Annie Lennox has said she does not feel she is “coming in as a white saviour” when helping charities such as Comic Relief, as she discussed recent comments made by Labour MP David Lammy.
Mr Lammy last week criticised the charity and its stars for perpetuating “tired and unhelpful stereotypes” after TV presenter Stacey Dooley travelled to Africa to film a campaign.
Lennox said the term “white saviour” used by Mr Lammy was “controversial”, but she has since spoken to him as she wants to “understand better” how to help people across the world as a white person.
The singer told ITV’s This Morning: “I don’t consider myself a celebrity – I think of myself as an artist and an activist, and I think we do have a platform.
The world does not need any more white saviours. As I've said before, this just perpetuates tired and unhelpful stereotypes. Let's instead promote voices from across the continent of Africa and have serious debate.https://t.co/LySa0BXeyi— David Lammy (@DavidLammy) February 27, 2019
“I have a history, I go way back with Comic Relief, and I have a whole history of activism and working on these issues.
“It’s true that some of us perhaps jump on to causes occasionally, and money is raised and made… and, I don’t know, it’s a very, very tricky one.
“I did speak to David Lammy personally, I had a conversation with him because I want to understand better – for my colour, that is white – how can I help my sisterhood, which is all colours, everywhere around the globe.
“How can I be part of a global sisterhood, which is what I think I’ve been doing, and I don’t feel that I’m coming in as a white saviour – I’m looking at ways to help women empower themselves.”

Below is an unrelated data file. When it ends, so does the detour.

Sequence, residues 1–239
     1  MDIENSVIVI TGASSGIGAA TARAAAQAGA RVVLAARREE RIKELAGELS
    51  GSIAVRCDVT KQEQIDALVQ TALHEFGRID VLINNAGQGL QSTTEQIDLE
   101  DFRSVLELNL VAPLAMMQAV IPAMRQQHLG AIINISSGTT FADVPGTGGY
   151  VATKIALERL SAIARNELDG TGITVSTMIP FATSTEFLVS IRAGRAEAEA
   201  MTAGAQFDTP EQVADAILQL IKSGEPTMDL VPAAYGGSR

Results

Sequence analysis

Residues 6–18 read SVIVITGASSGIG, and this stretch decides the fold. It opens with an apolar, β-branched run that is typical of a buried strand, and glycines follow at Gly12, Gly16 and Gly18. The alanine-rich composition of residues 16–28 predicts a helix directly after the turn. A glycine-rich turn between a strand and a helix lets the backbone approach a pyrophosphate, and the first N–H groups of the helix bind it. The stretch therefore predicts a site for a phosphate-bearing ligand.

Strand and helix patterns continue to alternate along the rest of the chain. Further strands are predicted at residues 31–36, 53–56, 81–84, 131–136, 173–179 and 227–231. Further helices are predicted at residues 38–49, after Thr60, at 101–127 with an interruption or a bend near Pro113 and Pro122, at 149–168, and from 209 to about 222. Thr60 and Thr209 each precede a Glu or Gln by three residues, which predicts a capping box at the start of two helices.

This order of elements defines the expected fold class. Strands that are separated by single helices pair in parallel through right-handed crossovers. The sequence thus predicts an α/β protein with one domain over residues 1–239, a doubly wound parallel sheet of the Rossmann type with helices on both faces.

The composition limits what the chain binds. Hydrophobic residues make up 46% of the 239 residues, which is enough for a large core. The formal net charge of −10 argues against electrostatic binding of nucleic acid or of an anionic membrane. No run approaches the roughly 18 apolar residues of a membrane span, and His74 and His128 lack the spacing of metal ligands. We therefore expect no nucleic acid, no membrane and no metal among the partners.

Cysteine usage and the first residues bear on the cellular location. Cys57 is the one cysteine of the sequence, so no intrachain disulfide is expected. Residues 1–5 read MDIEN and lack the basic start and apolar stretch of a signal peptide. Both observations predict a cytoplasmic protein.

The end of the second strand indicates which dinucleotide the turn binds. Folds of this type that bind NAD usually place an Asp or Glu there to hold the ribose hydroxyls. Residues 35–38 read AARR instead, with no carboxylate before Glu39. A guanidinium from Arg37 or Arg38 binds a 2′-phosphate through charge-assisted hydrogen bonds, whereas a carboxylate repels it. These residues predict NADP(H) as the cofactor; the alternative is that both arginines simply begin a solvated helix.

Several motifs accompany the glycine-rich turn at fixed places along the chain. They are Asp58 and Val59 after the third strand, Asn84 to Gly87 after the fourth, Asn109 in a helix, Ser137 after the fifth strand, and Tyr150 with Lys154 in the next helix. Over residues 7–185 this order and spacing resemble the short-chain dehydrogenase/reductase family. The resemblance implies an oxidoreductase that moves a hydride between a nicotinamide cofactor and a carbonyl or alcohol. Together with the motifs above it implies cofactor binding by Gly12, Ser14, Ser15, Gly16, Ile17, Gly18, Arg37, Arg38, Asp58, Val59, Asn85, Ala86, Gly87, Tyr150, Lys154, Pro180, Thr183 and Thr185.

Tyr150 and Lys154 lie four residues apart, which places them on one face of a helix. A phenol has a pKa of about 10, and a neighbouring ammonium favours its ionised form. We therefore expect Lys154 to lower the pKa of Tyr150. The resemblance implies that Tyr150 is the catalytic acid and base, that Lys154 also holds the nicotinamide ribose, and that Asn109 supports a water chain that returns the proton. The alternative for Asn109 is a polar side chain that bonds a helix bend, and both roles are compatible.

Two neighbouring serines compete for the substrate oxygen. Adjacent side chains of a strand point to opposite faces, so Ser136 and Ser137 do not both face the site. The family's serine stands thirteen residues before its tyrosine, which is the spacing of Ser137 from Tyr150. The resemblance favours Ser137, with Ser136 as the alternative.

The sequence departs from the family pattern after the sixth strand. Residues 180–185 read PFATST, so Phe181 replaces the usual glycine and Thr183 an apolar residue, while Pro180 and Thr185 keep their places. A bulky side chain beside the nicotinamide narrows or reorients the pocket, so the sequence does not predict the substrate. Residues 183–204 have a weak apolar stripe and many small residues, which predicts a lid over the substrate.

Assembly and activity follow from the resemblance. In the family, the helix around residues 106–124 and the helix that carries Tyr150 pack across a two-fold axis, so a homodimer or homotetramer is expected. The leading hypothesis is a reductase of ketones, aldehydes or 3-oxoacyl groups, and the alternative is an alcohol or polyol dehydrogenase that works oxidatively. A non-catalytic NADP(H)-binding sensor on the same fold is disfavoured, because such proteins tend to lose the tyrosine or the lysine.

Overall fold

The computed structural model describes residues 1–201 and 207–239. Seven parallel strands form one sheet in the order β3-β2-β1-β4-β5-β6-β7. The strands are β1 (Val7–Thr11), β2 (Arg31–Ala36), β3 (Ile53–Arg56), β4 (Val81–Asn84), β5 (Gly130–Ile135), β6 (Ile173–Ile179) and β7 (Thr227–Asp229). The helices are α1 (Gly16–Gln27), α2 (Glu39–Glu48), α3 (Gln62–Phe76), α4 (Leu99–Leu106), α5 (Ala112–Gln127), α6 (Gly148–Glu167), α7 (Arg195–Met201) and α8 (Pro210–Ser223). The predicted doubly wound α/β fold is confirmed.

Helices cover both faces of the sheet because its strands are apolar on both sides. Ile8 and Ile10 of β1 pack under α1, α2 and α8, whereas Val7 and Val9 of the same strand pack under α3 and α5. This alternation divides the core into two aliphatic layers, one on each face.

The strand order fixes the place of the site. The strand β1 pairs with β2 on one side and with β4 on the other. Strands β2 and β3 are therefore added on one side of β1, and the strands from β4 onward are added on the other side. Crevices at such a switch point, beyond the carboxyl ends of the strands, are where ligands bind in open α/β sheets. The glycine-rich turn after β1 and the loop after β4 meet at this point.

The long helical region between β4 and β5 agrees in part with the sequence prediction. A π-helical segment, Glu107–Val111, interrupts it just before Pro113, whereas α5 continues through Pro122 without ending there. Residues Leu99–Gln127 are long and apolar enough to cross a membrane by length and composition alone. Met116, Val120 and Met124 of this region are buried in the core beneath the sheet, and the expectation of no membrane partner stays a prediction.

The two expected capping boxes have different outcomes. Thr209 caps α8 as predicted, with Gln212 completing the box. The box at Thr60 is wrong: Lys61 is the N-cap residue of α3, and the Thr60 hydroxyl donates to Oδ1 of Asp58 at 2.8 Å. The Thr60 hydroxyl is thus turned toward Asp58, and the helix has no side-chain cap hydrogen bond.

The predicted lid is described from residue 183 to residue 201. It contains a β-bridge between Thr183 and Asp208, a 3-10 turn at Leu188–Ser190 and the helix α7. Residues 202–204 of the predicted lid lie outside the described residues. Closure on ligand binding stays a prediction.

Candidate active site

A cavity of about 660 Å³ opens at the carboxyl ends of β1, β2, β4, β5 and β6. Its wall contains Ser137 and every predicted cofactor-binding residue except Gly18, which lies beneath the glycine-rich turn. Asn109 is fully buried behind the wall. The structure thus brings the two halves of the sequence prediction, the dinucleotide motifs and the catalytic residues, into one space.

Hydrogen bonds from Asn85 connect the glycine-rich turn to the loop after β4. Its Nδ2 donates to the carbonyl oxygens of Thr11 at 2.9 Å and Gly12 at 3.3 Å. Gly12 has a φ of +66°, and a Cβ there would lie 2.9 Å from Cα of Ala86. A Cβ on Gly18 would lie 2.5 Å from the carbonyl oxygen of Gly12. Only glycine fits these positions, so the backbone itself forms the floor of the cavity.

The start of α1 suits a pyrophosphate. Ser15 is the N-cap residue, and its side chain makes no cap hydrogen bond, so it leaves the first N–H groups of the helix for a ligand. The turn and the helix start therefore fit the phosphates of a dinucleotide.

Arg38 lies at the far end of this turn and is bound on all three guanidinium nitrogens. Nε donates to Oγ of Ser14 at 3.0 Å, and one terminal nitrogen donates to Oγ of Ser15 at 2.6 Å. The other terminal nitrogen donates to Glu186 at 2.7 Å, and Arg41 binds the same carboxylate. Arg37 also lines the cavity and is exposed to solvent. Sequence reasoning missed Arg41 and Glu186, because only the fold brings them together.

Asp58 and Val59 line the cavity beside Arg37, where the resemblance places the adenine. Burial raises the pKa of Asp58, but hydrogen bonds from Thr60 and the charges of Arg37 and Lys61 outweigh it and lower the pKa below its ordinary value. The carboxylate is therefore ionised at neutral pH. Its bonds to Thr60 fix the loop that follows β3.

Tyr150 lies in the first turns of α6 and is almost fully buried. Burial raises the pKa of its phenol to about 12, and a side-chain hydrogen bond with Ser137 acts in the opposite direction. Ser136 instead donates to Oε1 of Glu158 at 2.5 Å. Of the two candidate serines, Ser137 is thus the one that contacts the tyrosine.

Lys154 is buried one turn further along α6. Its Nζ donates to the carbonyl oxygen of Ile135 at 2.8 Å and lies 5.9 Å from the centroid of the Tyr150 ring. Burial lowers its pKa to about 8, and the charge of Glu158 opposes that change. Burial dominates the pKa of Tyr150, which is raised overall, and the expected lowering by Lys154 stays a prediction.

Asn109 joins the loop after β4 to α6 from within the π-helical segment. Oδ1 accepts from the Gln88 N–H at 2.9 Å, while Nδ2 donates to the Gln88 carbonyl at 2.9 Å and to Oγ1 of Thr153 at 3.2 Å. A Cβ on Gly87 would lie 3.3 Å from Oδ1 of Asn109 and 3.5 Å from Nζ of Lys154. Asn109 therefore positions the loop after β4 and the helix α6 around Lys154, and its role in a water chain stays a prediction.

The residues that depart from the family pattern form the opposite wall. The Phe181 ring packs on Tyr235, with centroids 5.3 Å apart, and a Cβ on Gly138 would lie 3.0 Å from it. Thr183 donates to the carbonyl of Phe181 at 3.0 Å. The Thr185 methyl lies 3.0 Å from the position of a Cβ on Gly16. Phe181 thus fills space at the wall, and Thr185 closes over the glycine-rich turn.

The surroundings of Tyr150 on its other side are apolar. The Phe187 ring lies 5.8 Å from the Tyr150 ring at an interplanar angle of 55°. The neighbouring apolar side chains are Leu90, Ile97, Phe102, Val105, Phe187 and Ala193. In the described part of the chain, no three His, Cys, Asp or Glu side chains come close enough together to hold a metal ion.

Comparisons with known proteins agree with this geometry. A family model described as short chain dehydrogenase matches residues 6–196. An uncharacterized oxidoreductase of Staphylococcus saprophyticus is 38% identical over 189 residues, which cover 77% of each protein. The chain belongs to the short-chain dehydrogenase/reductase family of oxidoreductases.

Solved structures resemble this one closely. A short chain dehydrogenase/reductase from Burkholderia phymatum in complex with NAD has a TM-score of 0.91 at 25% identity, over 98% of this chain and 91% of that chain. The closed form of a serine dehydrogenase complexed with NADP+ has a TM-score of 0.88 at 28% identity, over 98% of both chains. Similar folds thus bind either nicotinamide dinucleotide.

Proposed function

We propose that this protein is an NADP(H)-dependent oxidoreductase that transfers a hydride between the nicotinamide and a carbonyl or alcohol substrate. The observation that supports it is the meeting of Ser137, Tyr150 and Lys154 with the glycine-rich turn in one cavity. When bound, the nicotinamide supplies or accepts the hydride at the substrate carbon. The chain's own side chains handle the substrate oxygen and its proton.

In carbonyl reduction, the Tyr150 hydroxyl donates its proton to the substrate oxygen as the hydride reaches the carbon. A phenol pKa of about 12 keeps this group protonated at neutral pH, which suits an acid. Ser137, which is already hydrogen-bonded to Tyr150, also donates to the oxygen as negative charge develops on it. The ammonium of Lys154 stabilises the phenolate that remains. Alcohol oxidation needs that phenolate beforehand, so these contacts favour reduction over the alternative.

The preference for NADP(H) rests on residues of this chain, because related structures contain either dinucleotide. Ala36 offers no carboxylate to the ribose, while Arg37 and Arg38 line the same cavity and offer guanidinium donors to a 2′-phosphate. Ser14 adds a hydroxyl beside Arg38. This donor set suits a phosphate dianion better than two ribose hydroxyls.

Asked by host Holly Willoughby if Mr Lammy was wrong to make the “white saviour” comment, Lennox said: “I think that it’s a very controversial term and I think that David is very angry and I think that his constituents… if they say they switch off Comic Relief, I think we really need to hear the voice of our population so that we can be responsive to that.”
Mr Lammy, who has been the MP for Tottenham since 2010, said on Twitter that investigative reporter Dooley was reinforcing unhelpful stereotypes about Africa, but his issue was not “personal”.
He later denied snubbing Comic Relief after the charity said he refused its offer to make a film in Africa, saying he had held two meetings with the organisation.
He claimed Comic Relief had “fallen short” of what he called its “public duty” to promote racial equality and serve minority communities.
Former Eurythmics star Lennox, 64, appeared on This Morning to talk about International Women’s Day on Friday, encouraging people to help the cause and support global feminism.
She said the annual day is significant in celebrating all that women have achieved over the past 100 years, but “there is so much disparity” around the world on women’s rights.
She said: “There is so much left to do, the facts are shocking. When you consider one in three women globally have experienced physical or sexual violence in their lifetime, it’s a massive statistic.
“Out of the 757 million illiterate adults in the world today, two out of three are women. And 603 million women live in countries where domestic violence is not considered a crime.”
Her appearance on the programme came as Lennox’s non-profit organisation The Circle, which she founded in 2008, announced its partnership with Apple Music for an International Women’s Day initiative.
Stars including Ed Sheeran, Mary J Blige, Dua Lipa and Richard E Grant have joined forces to appear in a short film for the cause, highlighting the “injustices still experienced by millions of women and girls the world over – from misogyny, rape and violence, to pay disparity”.
- Press Association